There follows a guest post by Dr Ros Jones, a retired consultant paediatrician and member of HART.
If, a year ago, someone had asked if we should give children a brand-new vaccine with no long-term safety data for a disease that barely affects them, they would have been laughed out of court. But here we are today, considering doing exactly that and not even with the pretence that it is for their own safety. It is because adults think it is okay to ask children to take a medicine which may cause them harm to protect us. Yet the adults clamouring for this have all been vaccinated already.
Two weeks ago, 40 UK doctors wrote to the Medicines and Healthcare products Regulatory Agency (MHRA) and the Joint Committee on Vaccination and Immunisation (JCVI) calling for a halt to any proposals to widen the temporary emergency authorisation for COVID-19 vaccines to include children on the grounds of major safety concerns. We now learn that this is such a complex ethical question that the JCVI will pass the responsibility to the Prime Minister. The entire management of the pandemic has been politicised to the detriment of open scientific and ethical debate and it is totally inappropriate for child health to become a potential political football. The urgency for such debate has increased by the approval, first in North America and now Europe, for vaccination of 12-to-17-year-olds, and Pfizer’s application is currently lodged with the MHRA. So what is the medical, ethical and legal basis for such a move?
The medical case for children
Children are mercifully at incredibly low risk for COVID-19, with the vast majority having mild to no symptoms, few hospital admissions and even fewer requiring intensive care. There were nine Covid-associated deaths in under-15s in the whole of 2020, all with prior life-limiting conditions and accounting for 0.3% of all cause deaths in this age group. Any adolescent at extremely high risk may already receive a vaccine and this should not inform policy for an entire age group. Long Covid has also been raised as a concern, but in children it is milder and shorter-lived than in adults, with studies reporting complete recovery.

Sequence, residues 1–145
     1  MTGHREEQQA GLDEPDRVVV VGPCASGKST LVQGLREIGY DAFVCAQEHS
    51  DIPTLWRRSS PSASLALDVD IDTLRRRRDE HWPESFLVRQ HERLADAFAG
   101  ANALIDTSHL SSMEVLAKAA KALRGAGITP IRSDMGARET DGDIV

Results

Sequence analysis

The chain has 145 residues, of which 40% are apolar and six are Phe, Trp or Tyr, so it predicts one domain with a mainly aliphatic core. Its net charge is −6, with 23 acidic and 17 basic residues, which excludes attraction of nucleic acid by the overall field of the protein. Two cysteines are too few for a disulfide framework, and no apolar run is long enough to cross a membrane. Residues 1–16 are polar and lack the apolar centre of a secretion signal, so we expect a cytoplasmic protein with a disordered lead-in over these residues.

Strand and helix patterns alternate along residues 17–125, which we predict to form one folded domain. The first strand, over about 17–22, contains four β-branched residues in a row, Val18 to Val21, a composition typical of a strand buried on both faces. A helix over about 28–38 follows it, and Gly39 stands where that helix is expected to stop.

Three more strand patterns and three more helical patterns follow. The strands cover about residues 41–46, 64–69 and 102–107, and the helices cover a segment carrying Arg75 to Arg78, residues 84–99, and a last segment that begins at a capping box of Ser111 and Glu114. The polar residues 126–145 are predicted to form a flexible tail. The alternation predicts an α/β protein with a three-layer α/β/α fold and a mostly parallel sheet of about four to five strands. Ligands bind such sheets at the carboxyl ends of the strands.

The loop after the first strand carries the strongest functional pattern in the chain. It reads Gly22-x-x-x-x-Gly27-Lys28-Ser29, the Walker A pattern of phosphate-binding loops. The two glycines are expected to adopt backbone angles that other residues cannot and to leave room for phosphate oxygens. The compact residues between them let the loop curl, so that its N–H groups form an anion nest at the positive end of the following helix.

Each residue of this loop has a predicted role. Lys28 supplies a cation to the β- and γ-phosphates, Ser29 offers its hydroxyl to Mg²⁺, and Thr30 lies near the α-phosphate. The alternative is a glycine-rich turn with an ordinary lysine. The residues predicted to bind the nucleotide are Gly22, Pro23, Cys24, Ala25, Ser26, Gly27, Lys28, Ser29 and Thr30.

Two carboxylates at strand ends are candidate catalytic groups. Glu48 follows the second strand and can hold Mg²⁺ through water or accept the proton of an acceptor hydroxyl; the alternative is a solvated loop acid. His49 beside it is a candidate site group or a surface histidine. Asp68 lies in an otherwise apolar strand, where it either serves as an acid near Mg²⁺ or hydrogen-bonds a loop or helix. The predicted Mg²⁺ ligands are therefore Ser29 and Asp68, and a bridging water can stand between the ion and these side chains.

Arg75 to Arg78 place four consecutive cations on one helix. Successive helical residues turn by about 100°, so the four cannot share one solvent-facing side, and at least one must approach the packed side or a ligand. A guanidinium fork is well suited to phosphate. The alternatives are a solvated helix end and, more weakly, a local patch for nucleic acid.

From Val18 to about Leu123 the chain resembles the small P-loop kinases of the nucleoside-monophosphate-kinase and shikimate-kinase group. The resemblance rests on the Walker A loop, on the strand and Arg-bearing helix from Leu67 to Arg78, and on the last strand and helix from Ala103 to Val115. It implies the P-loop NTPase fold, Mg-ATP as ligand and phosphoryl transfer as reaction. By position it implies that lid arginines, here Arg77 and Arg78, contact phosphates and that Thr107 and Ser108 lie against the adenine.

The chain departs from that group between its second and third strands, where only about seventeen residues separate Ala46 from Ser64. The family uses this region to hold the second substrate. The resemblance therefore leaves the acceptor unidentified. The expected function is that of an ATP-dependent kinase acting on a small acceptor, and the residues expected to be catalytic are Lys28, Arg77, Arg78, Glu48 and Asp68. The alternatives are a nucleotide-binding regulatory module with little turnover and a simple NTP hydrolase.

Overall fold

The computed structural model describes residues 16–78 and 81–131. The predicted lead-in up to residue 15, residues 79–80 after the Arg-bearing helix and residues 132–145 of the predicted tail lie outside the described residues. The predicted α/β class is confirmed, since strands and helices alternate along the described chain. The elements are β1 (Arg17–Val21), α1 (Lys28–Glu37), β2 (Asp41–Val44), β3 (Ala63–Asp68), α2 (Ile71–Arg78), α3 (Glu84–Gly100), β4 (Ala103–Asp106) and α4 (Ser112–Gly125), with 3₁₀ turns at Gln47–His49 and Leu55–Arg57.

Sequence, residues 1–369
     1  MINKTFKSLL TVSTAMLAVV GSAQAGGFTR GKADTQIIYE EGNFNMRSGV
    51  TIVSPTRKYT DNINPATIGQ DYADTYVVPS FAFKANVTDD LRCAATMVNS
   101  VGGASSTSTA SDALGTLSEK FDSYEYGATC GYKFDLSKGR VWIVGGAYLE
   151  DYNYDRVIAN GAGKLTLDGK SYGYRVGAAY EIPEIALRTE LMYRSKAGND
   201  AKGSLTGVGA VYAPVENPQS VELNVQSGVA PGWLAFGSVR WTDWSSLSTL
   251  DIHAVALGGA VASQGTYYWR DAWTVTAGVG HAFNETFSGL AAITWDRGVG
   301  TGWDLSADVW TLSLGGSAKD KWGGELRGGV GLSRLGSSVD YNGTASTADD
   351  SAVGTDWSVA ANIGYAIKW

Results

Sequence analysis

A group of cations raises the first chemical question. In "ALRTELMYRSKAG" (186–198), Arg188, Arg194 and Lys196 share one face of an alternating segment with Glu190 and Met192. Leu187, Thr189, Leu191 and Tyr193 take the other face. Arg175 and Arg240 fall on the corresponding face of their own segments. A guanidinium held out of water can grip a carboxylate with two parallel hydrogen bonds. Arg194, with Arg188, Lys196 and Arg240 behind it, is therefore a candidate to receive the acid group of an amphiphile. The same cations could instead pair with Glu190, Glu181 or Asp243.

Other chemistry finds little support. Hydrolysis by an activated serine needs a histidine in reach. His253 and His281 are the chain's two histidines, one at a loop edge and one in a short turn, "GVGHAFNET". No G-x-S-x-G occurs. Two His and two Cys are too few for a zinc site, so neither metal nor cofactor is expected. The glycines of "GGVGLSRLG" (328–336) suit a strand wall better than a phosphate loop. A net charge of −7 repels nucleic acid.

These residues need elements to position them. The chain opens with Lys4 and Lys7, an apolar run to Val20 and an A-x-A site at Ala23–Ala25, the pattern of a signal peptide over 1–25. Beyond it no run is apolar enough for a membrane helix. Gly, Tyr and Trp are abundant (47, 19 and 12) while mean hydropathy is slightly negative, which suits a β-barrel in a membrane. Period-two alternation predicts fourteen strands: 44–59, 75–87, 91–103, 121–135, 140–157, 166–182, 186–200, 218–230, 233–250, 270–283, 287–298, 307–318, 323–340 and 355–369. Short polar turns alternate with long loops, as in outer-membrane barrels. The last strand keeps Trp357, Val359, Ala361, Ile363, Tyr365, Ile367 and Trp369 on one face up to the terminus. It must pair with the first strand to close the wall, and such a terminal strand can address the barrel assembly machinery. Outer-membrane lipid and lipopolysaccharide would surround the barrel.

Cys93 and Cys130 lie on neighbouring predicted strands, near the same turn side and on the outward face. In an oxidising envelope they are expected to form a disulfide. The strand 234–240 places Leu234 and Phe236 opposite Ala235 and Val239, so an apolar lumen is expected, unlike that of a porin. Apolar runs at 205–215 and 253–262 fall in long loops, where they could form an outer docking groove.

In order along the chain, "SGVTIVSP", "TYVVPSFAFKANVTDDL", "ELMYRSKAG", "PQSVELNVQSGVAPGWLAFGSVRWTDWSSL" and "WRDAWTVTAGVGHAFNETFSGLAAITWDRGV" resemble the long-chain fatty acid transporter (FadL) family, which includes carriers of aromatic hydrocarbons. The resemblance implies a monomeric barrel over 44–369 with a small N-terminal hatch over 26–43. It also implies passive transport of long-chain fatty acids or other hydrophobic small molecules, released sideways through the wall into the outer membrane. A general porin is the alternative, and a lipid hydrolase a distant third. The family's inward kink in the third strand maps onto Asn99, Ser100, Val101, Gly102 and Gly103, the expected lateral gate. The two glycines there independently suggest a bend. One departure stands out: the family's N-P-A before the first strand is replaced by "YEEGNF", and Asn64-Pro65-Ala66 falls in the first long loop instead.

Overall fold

So if the disease is extremely mild for children, what of potential adverse effects of vaccination? Tragically, in recent weeks we have seen reports of thrombotic thrombocytopenia (VITT), an extremely rare condition, occurring in a significant number of young adults following vaccination, with cerebral venous strokes, some fatal. VITT was not detected in any of the trials but the MHRA now quotes the incidence following AstraZeneca vaccination as 1 in 77,000, stating ‘the data shows there is a higher reported incidence rate in younger adult age groups compared with older groups’. Doctors advising an individual on benefits and risks are left to guess how much higher but AstraZeneca vaccine was withdrawn for under 30s and latterly under 40s, and the Oxford children’s trial was suspended. Pfizer appears to have similar thrombotic problems though possibly at a lower rate and this is likely to be a class effect involving the spike protein. With Pfizer, the Israel Health Ministry have confirmed that myocarditis is occurring at a rate of 1 in 41,730 for the 2nd dose in young men aged 16-30s, but highest in 16-19s. These are not trivial side-effects: they are potentially fatal or life-changing and appear to be occurring at a rate which is higher than that of severe outcomes for childhood Covid infections. This is without considering any as yet unknown longer-term adverse effects and bearing in mind that only 1,134 children were vaccinated in the Pfizer trials. Following the tenet “First do no harm”, routine vaccination of children against COVID-19 is contra-indicated.